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How to Overcome Workday Burnout

In today’s world, there are many reasons to be an overwhelmed employee. Budget and staffing shortfalls move projects to your desk because no one else is around to do them. Great ideas have endpoints, but no discernible ways to get there. 

And a vast array of technology — emails, instant messages, virtual meetings, collaborative tools and so much else — can seem more noisy and burdensome than productive.

Still, there are ways to help employees avoid burnout and make the best with what they have. 

In his “How to Empower Your Team to Do More With Less” keynote remarks at GovLoop’s recent “Overworked? There Could Be an App for That” briefing center, Chezian Sivagnanam, the Chief Architect & Technology Innovation Lead at the National Science Foundation (NSF), talked about the NSF’s journey from using limited and centralized IT to providing innovative, empowering tools for agency employees.

The NSF has 2,500 staff plus contractors, Sivagnanam said, and has made do with a relatively flat budget for the past five years. The number of its full-time employees has changed little since at least 2012 — so additional staff isn’t coming to the rescue of existing workers. And like many agencies, the NSF hunts around for extra resources.

But while the agency’s technology used to focus on basic operations and management, the NSF since 2006 has implemented updates and reforms that relieve employee stress and streamline how they work. It’s a lot to be proud of, including:

  • New and evolving IT investments
  • A democratized governance process that make reforms more effective
  • Artificial intelligence (AI), and blockchain experiments
  • New approaches to using data
  • Virtualized and streamlined help desk processes
  • Creation of various communities of practice 
  • A willingness to think outside the box

Based on the NSF’s experience, Sivagnanam believes there are several ways that technology can unburden a stressed-out office. 

Empower digitally

Use robotic process automation (RPA) to carry out much of the routine, mundane work that employees normally handle — like sending form emails to customers and constituents — so that staff has time for more interesting, rewarding work.

Take advantage of low-code and no-code technologies that let staff work easily and directly on agency applications. Increase the self-service tools available to employees, make agency data more accessible to them and upskill staff in areas such as data analytics.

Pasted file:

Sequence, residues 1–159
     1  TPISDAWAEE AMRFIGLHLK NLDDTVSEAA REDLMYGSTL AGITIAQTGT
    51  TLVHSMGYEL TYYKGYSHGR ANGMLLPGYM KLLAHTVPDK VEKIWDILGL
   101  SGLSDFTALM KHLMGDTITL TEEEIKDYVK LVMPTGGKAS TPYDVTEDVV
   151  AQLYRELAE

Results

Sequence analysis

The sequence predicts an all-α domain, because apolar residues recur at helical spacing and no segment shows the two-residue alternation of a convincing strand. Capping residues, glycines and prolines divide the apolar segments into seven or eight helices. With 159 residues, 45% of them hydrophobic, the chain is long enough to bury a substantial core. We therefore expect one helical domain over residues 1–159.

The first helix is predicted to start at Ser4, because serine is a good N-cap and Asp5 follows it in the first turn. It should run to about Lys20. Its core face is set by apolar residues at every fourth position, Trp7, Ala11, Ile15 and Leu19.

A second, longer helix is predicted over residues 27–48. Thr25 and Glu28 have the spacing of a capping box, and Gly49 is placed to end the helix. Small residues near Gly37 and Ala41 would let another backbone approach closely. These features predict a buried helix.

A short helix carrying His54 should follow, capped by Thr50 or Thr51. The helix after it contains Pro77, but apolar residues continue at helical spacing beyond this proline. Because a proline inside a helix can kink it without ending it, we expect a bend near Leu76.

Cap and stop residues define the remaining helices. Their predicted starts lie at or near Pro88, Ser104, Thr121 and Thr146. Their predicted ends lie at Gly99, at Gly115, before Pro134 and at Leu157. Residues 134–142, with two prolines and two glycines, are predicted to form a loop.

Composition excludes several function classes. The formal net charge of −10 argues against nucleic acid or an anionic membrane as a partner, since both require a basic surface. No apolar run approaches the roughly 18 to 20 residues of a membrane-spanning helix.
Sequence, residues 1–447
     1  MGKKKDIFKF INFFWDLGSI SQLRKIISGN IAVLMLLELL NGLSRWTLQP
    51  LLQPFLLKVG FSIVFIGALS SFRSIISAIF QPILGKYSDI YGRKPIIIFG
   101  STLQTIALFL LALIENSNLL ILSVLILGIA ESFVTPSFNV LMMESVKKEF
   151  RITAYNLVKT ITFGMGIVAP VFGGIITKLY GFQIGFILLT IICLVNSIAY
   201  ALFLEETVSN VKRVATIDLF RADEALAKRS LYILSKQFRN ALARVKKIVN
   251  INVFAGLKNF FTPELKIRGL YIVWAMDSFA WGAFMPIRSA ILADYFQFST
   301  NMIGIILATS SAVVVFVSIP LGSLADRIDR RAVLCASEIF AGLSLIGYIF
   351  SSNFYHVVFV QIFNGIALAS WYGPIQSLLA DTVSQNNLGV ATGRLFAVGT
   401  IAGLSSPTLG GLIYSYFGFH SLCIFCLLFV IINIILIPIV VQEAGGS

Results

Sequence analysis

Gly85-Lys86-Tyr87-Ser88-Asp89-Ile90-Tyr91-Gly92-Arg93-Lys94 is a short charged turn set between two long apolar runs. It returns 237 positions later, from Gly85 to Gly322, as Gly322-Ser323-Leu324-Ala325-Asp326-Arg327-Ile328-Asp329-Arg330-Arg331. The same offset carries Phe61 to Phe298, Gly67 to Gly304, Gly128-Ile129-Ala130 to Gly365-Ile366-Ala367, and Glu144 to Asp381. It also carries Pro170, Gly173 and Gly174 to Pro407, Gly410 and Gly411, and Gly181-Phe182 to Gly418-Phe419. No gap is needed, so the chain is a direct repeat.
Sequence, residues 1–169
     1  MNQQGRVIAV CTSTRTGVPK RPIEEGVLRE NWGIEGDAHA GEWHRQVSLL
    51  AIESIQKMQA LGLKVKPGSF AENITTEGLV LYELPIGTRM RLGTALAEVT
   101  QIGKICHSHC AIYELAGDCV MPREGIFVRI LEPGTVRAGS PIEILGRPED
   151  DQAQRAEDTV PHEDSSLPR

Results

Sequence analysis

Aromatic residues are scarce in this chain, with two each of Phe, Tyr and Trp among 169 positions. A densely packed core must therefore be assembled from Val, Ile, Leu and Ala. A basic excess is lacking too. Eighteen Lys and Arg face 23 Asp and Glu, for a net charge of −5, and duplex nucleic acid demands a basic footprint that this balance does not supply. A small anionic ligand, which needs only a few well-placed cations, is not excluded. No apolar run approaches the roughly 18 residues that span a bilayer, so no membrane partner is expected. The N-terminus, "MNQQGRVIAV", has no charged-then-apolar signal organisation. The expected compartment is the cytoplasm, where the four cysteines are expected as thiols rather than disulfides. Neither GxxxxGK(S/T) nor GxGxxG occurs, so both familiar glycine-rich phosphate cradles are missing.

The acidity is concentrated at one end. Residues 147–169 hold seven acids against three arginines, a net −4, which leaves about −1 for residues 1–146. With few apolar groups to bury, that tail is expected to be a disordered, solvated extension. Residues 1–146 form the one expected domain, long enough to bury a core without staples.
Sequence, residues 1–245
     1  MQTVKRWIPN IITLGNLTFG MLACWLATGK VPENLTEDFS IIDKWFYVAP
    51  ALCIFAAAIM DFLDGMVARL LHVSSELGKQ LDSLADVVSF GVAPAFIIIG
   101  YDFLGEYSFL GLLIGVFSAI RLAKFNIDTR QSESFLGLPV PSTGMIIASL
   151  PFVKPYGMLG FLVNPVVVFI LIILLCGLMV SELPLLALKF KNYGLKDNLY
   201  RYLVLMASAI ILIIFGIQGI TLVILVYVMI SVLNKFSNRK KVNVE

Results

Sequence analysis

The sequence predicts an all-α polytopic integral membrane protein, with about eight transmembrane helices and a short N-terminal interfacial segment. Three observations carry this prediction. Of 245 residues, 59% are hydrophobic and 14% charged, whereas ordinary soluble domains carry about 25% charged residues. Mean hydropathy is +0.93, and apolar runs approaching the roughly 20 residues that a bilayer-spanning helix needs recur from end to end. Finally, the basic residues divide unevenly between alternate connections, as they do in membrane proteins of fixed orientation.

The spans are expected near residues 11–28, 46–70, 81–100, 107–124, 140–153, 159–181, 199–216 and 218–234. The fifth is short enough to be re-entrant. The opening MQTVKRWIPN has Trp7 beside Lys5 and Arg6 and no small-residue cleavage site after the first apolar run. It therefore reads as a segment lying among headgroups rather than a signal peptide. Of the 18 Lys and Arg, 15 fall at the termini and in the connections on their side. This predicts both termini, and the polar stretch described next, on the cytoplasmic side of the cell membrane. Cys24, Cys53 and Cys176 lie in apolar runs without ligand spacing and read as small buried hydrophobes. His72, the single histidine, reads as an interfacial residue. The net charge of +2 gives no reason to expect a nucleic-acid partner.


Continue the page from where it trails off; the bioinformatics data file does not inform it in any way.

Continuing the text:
Create communities

It can be lonely sitting at your desk, swamped with work. That’s why Sivagnanam highlighted NSF’s five communities of practice (COPs), which draw people together to share insights regarding RPA, low-code technology, AI, innovation management, and enterprise data governance and education.

What he called the NSF’s “innovation ecosystem” — a.k.a., its community innovation portal — allows staff to publish their blogs and post updates on their innovation endeavors. It’s a way to share ideas, build relationships and get yourself noticed, in a good way.

Be untraditional

The truth is, Sivagnanam acknowledged, “There are some challenges you’re still not able to solve by yourself.” That’s when it’s time to think outside the box.

The NSF, for instance, is using crowdsourcing to gather information on distributed ledger technology, which would allow the agency to securely use and maintain a decentralized digital database by using cryptography.

The NSF also has issued open challenges to its staff — encouraging them to think of new ideas — and is exploring public-private partnerships or, as Sivagnanam called them, “networks of networks.”     

“This is beyond the traditional way of doing things when you run short of resources,” he said.

And when workdays never seem to end and deadlines never seem to vanish, going beyond “traditional” solutions is awfully appealing.

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